During briefings, Hebler promises us a "taste" of the real thing. "You get highlights of everything we probably did over the years. And this goes all the way back 32 years ago, when I was running around Cambodia like the fool I was, doing the things we did. But I learned quite a bit. I'm 57. I'm still here."

He and Miller still dabble in cloak-and-dagger, launching private, cross-border operations into countries such as Algeria to recover children kidnapped in divorce disputes. But with Covert Ops, where they are the core of a team of espionage and car racing experts, Miller and Hebler offer talents that amount to a kind of shadowy peace dividend.

"A lot of people in this (espionage) world take themselves very seriously. And the idea of being an entertainment more than the real thing - I'm sure that there's a lot of people who think that's just terrible," Miller says one night over beers at the base saloon, explaining the genesis of Covert Ops. "But I don't care. I'm 53 years old. I've been doing this all my life. I think there's a lot more money in this."

And, he points out, "I have a whole drawer full of résumés from guys in the (Army 10th Special Forces Group) who want to come work."

'Engage them or die'

Yellow marks the spot - paintball games
Drive-by targets The key to fending off an ambush: Keep the car moving and blast the bad guys dead-center. Losers are easy to spot: They're the ones with the big yellow splotches.(USA TODAY)

The floor shows for the weekend are the Miller and Hebler war stories, spun out over lunch or dinner to mesmerized students. But when it's time for class, they and other instructors are dead serious, never talking down to us soft-in-the-middle urban novices about off-road vehicle attack maneuvers, unarmed self-defense, strategic car ramming, surveillance, combat pistol shooting and other skills.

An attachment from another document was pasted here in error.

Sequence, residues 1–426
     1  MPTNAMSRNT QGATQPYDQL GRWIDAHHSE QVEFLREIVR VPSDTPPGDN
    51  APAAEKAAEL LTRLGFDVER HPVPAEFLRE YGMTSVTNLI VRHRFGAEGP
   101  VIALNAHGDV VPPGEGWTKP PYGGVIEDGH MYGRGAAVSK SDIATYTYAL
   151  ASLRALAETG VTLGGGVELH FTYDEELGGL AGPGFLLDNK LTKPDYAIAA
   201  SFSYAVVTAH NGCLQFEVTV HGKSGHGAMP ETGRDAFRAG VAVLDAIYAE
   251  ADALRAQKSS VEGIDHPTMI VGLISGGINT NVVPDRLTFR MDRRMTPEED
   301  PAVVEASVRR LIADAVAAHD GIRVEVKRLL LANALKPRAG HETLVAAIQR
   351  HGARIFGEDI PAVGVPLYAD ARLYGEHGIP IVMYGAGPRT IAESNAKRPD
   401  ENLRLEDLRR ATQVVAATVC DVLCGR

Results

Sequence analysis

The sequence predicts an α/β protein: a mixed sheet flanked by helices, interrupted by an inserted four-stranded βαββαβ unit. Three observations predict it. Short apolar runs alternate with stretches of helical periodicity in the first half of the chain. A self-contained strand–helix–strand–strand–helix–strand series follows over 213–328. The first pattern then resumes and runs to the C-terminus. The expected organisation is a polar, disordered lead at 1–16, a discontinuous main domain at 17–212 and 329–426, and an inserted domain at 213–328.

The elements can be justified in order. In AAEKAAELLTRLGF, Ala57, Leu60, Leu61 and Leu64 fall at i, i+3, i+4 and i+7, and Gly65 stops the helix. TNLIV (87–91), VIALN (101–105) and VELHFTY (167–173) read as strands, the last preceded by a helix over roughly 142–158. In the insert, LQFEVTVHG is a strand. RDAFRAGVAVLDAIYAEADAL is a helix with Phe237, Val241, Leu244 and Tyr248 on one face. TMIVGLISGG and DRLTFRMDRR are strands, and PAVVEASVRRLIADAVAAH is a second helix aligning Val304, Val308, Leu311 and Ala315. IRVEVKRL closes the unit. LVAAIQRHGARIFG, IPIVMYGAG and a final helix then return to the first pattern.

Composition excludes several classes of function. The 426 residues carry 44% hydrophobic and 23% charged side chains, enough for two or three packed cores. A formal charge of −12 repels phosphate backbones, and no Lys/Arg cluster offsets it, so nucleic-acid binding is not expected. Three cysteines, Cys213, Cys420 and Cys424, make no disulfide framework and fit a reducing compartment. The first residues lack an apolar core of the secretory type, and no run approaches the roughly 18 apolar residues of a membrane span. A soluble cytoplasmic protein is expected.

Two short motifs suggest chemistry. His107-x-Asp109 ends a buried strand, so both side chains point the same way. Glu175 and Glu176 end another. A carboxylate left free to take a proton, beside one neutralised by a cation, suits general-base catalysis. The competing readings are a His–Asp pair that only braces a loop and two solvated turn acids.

Says Miller during the close-quarters armed-conflict class at the gun range: "We're talking about the possibility of coming into conflict with an armed person who's better than you, who's faster than you, who's got the drop on you and who you have to engage in order to save your own life. Because your only choice is to engage them or die. So first, we're going to talk about fear and what it does to you."

Student Daniel Wall (code name "Shadow") is a computer product development manager from Uniontown , Ohio, who got the weekend as a 48th-birthday gift from his wife, Robyn. "The sense of reality (instructors) bring to teaching the basic skills made Covert Ops something more than just a fantasy camp," he says. "This is probably as good as it gets until the Star Trek holodeck becomes commercially available."

Where else can you take a break from ambush exercises and chat with an elegant Frenchman and former Rhodesian mercenary, instructor Patrick Ollivier, about his near-spiritual experience of surviving three AK-47 wounds during a real-life ambush in the African jungle?

"You realize that life is strong," Ollivier, 48, says.

"Life is one of the most powerful forces there is."

Which is not to say that this fantasy camp, which was in only its second round of classes when I took part recently, doesn't have a few hokey edges.

Getting a rush

Incredible Adventures, the travel firm in Sarasota, Fla., that markets Covert Ops as a joint venture with Miller and his crew, greets visitors to its Web site with this: "Your adventure begins at the Tucson, Ariz., airport."

Silly me. Where else would an adventure begin?

The plain brown envelope in the mail says to contact a "beautiful blonde" in the airport lounge, who, with the proper verbal exchange, will pass me a newspaper that has secret instructions taped inside for getting to the Covert Ops base.

I'm supposed to duck into a bathroom stall to read my instructions.

I bump into "Starsky" and "Hutch" coming out freshly enlightened. But by the time I go in, the airport cleaning crew has closed the restroom. I'm up spy creek without a toilet. What would Sean Connery do?

Goofy intro aside, when the moment arrives two days later for our SWAT team to free a student kidnapped by the Environmental Nazis (they burst into our class, firing semiautomatic paint-gun rifles and yelling, "Everybody freeze!"), my heart's beating like a drum.

Pump-action paint-ball pistol at the ready, I've made sure I'm the first person to enter the front door, where there's the most likely chance for gunplay - a decision I later can't quite explain to my wife, who thinks I'm nuts.

Hebler's words are echoing in my ear: "Action is faster than reaction."

We open the door and rush in.

My after-action report (DESTROY AFTER READING):

Total bedlam. But the hostage survives. The bad guys are splattered with paint. We are victorious.

Signing off now -- agent "Hemingway."

(Hey, come on, it's fantasy camp.)

Covert Ops